In Nebraska, all possession or consumption of marijuana is illegal. In January 2019, Sen. Anna Wishart introduced LB 110, otherwise known as the Medical Cannabis Act, to legalize a medical marijuana program for the state.
If passed, the bill would allow qualifying patients to access medical marijuana and establish a state-regulated dispensing system to allow for licensed cannabis producers, processors, and dispensaries. Up to ten cannabis businesses licenses of each type would be awarded in each congressional district in Nebraska through a competitive application process. The application fee for each license type would be $25,000. Begin preparing for future marijuana business opportunities with our Marijuana Business Application Guide & Checklist.
The state of North Carolina currently allows qualifying patients to possess and consume low-THC and high-CBD extracts of marijuana. A new bill has been introduced to decriminalize marijuana possession in North Carolina. The bill would decriminalize possession for up to 4 ounces of marijuana, no legal ramifications would be involved. One of the bill's co-sponsors, Paul Lowe Jr., said it's more about decriminalization than legalization.
In 2014, South Carolina legalized the possession and use of low THC, high CBD cannabis extracts for a small percentage of qualifying patients. However, the current law does not establish a state-regulated dispensing system to ensure patients safe, legal access to the extracts.
On December 18, 2018, South Carolina lawmakers pre-filed four marijuana-related bills, including two that would establish comprehensive medical cannabis programs in the state. Bills by Reps. Rosalyn Henderson-Myers and J. Todd Rutherford would allow a wider range of patients to possess and consume the currently legal low-THC high-CBD oils and establish a process to permit licensed shops to cultivate and dispense the plant. Henderson-Myers’s bill would also require dispensaries to “contract with laboratories for testing of marijuana.”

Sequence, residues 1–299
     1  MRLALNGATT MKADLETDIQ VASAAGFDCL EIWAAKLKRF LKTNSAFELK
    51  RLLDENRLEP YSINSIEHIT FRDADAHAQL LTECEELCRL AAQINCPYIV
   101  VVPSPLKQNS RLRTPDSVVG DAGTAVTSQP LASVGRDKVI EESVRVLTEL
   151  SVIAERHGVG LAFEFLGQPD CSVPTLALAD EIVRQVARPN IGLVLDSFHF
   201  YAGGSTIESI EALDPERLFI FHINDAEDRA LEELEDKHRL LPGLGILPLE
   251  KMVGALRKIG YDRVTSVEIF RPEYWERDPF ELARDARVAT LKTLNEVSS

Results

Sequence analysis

The state of Tennessee has an extremely limited medical marijuana program which allows qualifying patients to use cannabidiol (CBD) derived from marijuana with less than .9% THC as part of a clinical research study on its effects on seizure conditions. However, the law does not provide safe, legal access to the CBD.
State Sen. Janice Bowling, R-Tullahoma, and Rep. Ron Travis, R-Dayton, said they will introduce a medical marijuana bill in the coming weeks. The bill would create a new government commission to regulate the marijuana industry and allow patients who have been diagnosed with certain illnesses to obtain medical marijuana from state-licensed dispensaries.
In Texas, qualifying patients with severe forms of epilepsy may possess and consume low-THC cannabis products. Sen. José Menéndez has filed Senate Bill 90 to expand the state’s current limited medical marijuana program. The bill would increase the number of "debilitating" medical conditions that qualify for the Texas Compassionate Use Program.
Start Preparing for Marijuana Business Opportunities
It’s never too early to begin preparing for future marijuana business opportunities in these states. To begin educating yourself on all that will be involved in an application process to obtain a marijuana business license, download our Marijuana Business Application Guide & Checklist.
The guide includes a detailed summary and checklist of over 100 action items to be completed prior to submitting your application, and covers topics such as financial modeling, real estate tasks, staffing, and more!